If you need support right now, call the National Suicide Prevention Lifeline at 1-800-273-8255 or text “START” to 741-741.

We want to hear your story. Become a Mighty contributor here.

Thinkstock photo via Choreograph.

TOPICS
, Contributor list
JOIN THE CONVERSATION

Related to Suicide

Fashion illustration of a woman, painted by hand. Abstract pencil drawing. Vintage picture. Ornament Art Nouveau

How I Became a Suicide Prevention Advocate After My Son's Suicide

Editor’s note: If you experience suicidal thoughts or have lost someone to suicide, the following post could be potentially triggering. You can contact the Crisis Text Line by texting “START” to 741-741. “You’ll never experience a pain like this again, Lisa.” Strange that this would be one of the phrases I held onto for dear [...]
Young woman reading newspaper and holding coffee cup

How It Felt to Read My Husband's Obituary Without the Word 'Suicide' Mentioned

Editor’s note: If you experience suicidal thoughts or have lost someone to suicide, the following post could be potentially triggering. You can contact the Crisis Text Line by texting “START” to 741-741. Only rarely does the actual “S” word appear in an obituary. You might see “suddenly,” or “unexpectedly” or “tragically” — all potentially code. [...]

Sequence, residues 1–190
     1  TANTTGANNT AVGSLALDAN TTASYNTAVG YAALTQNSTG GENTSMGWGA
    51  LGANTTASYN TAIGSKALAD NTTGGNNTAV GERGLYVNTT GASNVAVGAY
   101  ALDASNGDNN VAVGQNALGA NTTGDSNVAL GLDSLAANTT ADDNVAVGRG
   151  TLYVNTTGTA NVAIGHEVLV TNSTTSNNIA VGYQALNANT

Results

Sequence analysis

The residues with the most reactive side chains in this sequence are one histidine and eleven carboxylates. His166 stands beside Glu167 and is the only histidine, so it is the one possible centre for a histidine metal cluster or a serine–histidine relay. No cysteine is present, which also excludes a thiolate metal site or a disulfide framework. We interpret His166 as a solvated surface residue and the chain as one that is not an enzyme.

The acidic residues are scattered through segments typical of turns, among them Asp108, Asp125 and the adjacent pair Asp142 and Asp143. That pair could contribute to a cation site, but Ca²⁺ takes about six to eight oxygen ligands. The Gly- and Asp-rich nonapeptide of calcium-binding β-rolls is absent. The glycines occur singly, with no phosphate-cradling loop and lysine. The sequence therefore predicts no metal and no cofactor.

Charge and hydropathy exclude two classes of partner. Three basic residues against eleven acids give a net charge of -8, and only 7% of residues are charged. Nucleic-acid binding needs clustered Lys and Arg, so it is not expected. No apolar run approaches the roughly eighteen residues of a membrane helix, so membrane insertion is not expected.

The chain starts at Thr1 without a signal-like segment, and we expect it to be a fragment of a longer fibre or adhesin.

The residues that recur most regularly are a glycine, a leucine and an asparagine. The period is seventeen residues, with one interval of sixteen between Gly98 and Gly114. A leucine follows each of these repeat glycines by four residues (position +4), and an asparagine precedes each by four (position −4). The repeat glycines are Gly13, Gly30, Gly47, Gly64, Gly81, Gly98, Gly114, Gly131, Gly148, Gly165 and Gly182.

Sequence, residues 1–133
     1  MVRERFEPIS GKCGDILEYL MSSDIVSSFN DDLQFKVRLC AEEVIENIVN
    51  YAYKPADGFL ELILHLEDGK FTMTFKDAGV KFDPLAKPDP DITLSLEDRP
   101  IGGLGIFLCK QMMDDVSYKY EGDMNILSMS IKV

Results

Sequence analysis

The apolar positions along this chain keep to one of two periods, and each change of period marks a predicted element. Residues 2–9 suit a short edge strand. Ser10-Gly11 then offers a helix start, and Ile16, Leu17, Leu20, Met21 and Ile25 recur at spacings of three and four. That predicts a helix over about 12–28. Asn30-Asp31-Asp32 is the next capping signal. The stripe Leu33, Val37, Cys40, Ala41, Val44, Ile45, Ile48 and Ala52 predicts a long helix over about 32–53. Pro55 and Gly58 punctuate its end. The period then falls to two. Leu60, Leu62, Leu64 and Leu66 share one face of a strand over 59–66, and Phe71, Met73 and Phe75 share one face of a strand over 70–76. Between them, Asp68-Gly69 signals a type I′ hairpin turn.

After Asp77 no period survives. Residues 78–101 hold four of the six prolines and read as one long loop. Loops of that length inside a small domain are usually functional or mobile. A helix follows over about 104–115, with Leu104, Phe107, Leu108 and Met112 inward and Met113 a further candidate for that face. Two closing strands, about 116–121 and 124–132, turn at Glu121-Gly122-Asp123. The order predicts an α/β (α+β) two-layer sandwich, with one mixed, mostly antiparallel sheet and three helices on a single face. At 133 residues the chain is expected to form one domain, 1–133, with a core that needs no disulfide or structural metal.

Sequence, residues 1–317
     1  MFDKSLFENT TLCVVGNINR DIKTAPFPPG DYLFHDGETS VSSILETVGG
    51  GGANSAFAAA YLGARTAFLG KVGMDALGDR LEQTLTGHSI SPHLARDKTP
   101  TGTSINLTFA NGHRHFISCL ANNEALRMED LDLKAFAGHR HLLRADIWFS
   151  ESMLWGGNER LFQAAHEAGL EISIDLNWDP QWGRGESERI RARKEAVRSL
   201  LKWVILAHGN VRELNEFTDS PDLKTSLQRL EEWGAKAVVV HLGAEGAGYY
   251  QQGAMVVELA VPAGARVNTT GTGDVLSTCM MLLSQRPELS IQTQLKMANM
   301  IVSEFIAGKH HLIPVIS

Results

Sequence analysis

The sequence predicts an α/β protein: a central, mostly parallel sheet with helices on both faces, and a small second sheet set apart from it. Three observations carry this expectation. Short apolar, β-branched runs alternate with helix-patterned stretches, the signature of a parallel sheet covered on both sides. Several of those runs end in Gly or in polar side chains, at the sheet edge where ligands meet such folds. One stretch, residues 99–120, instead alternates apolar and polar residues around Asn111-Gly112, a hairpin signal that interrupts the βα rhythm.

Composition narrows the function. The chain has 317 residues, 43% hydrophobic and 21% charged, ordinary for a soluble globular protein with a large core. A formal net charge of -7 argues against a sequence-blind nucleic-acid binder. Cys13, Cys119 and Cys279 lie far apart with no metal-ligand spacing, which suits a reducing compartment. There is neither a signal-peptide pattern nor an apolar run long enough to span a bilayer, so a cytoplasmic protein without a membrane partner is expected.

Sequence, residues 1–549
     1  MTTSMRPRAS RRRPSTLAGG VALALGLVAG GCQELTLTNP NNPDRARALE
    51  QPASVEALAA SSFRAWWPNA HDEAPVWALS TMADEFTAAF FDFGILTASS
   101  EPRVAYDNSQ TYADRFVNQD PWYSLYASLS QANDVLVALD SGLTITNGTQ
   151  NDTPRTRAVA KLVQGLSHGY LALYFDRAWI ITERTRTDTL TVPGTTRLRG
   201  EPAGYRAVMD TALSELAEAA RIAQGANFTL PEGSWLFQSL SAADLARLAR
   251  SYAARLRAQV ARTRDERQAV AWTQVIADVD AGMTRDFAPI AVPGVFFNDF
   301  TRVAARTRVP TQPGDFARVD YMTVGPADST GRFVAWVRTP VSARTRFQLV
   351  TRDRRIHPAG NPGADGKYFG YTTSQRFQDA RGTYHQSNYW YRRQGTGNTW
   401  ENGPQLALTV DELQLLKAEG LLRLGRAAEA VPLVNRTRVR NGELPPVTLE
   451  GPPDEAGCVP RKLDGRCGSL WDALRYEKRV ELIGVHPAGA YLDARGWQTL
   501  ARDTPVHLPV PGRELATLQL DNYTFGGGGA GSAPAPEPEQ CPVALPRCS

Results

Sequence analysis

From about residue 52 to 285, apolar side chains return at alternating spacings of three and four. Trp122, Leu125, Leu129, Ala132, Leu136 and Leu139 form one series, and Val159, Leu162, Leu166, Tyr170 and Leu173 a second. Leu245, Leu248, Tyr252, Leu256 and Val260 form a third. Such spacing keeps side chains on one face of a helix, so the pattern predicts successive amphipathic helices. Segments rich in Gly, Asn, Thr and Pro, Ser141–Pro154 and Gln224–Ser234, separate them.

Cropped image of depressed person at the psychotherapist. Doctor is making notes while listening to his patient

As a Transgender Woman, I Need My Mental Health Support Team to Look Beyond My Gender

I really needed to write about my experience earlier today and my thoughts on navigating the mental health system as a transgender woman. I just met with my case manager and psychiatrist. They are both very nice people with the best intentions. I left the meeting feeling discouraged and down, though. It has taken the [...]
young woman in hiking gear posing on Appalachian Trail

Why I Hike for Mental Health and Suicide Prevention

Editor’s note: If you experience suicidal thoughts or have lost someone to suicide, the following post could be potentially triggering. You can contact the Crisis Text Line by texting “START” to 741-741. In 2016, I “thru-hiked” the Appalachian Trail with my childhood friend Sunshine, fundraising for the American Foundation for Suicide Prevention (AFSP) and raising [...]